When people are going through alcohol or drug rehabilitation, attention to overall health is important. Addiction can deplete the body of vitamins, minerals, and physical strength, and developing positive dietary and exercise habits can help someone in addiction recovery to improve overall well-being and long-term health.
In fact, some addicts credit new enthusiasm for physical activity for being the defining factor in overcoming their addiction. In 2011, a book titled The Long Run by Mishka Subaly became a number one Kindle download, chronicling the transition the author made from addiction to alcohol, pills, and other illegal drugs to becoming a successful author and ultra-marathon runner.
Exercise addiction, however, is a real phenomenon, and while it is relatively rare, it is something that can happen to the person in addiction recovery.
Addiction recovery requires hard work and support. Unfortunately, people in recovery from addiction are prone to developing other addictions once they recover from the primary one. It stems from a desire to minimize emotional discomfort and self-medicate. That is why you may notice that the smoker in recovery from alcohol or painkiller addiction smokes more while in recovery. Cross-addiction can also unfold as exercise addiction, something that may seem harmless, but that can eventually have the relationship-destroying effects of other, more “typical” addictions.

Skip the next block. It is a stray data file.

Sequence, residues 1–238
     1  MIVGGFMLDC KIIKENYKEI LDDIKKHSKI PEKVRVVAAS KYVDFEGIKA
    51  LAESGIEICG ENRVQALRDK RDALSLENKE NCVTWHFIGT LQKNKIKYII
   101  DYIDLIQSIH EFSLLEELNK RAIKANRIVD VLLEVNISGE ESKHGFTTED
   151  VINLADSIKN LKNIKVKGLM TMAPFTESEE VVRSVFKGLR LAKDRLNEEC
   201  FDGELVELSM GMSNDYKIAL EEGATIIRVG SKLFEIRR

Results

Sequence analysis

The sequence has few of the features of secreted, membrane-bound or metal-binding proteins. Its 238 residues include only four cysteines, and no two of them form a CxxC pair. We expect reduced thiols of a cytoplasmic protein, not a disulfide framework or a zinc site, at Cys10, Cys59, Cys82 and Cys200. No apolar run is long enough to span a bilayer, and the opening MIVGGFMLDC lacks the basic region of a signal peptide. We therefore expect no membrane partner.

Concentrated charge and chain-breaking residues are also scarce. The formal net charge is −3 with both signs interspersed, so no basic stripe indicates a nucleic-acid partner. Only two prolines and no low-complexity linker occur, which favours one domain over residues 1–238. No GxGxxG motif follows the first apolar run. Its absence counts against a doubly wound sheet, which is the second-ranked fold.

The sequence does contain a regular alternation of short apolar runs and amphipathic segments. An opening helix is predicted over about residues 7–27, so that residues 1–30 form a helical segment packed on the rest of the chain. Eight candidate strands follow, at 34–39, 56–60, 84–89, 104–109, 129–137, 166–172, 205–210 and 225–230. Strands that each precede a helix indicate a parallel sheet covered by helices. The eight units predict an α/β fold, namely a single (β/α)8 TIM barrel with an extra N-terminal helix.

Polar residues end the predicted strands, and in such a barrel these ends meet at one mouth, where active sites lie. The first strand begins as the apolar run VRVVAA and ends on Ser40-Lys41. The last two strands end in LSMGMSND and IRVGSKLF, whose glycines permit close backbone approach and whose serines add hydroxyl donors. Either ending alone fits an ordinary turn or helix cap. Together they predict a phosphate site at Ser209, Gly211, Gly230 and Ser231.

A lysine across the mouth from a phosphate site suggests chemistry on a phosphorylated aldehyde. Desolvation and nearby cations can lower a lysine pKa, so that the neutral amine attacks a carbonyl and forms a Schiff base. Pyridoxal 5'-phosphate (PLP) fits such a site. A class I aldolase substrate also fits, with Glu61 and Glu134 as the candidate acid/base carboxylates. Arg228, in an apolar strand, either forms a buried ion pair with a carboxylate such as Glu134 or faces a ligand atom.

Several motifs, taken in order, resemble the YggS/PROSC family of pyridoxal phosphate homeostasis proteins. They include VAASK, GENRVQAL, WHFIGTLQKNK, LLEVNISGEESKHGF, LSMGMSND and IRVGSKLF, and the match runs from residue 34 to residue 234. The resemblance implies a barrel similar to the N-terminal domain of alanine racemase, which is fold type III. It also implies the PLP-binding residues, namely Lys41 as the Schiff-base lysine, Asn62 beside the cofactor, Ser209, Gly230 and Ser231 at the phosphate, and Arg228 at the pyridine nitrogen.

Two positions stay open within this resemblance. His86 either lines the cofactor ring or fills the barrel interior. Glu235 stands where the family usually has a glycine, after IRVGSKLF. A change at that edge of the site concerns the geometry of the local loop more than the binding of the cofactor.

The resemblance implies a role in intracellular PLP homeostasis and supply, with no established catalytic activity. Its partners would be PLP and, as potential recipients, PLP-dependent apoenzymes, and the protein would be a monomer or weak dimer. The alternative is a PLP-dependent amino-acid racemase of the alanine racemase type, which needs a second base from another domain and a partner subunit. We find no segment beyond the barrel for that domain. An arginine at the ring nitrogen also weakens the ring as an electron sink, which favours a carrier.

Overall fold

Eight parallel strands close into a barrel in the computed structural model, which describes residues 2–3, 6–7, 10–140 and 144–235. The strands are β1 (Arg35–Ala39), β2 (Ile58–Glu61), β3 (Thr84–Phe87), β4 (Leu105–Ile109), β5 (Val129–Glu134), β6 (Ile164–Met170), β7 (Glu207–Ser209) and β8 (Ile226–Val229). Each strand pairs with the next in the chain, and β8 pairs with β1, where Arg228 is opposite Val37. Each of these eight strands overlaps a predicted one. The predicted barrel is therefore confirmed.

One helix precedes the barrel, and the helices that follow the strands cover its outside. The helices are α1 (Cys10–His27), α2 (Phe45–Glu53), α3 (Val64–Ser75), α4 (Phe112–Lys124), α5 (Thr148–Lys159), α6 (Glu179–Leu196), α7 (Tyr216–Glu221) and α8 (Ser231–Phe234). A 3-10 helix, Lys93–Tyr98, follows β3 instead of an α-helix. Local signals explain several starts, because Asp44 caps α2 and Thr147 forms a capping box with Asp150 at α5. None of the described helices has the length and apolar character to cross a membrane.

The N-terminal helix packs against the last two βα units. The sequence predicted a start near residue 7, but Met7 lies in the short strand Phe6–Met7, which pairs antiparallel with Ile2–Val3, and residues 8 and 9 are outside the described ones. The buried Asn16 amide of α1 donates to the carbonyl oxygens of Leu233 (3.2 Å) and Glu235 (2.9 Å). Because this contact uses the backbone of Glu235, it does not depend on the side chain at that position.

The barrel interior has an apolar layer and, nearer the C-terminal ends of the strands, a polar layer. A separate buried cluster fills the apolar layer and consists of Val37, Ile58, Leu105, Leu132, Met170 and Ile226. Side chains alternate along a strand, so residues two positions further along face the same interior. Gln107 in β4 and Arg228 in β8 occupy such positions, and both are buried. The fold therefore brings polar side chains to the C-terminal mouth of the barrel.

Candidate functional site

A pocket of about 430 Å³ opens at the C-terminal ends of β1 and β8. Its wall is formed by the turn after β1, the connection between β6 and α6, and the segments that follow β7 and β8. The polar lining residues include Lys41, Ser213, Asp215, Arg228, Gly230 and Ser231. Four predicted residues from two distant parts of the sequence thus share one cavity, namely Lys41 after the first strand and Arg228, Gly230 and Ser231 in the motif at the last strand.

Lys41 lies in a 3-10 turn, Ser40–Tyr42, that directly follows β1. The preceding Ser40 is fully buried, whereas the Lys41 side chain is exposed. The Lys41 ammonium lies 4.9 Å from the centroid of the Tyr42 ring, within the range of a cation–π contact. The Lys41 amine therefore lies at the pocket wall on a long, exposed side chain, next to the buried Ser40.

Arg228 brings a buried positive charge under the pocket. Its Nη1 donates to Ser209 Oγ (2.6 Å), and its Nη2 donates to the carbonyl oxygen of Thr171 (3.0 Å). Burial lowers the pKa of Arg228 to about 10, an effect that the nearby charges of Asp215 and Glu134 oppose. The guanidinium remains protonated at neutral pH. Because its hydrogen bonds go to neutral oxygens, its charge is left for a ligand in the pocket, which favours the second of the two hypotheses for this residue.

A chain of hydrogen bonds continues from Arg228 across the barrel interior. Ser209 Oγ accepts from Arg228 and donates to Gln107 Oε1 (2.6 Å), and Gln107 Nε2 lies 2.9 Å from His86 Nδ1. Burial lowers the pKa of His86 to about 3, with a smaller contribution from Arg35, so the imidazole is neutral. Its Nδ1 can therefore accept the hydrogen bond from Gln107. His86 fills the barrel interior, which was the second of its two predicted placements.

Exercise addiction may start off with the experience of the so-called “runner’s high” which is caused by the natural release of endorphins in the brain. Exercise is important, and American doctors have for years encouraged people to get more of it because of the effects on health and longevity. Exercise addiction, however, subtracts from life rather than adds to it, by taking away important time with loved ones and time spent doing other constructive things. It is a version of the chasing after a feeling that gets people addicted to alcohol, opioids, gambling, and other substances or behaviors.
You can use the following checklist to determine if your commitment to exercise has turned into exercise addiction. The more statements you agree with, the higher the risk that your devotion to exercise is turning into, or has turned into, an addiction:
Exercise addiction can be tricky in a society that praises athletic achievement, and which is always urging people to get out from in front of their screens and go do something. If you are in addiction recovery, it is important that you balance your very real need for physical activity and overall health and well-being with your actual recovery from addiction. Substituting one addiction for another is not the same thing as real recovery.
Addiction recovery continues long after you complete rehab, and it requires attention to daily living that most people who have never experienced addiction cannot fully understand. We encourage you to contact us today if you have questions about long-term addiction recovery. The road is not always well-marked, and we want to help you navigate it.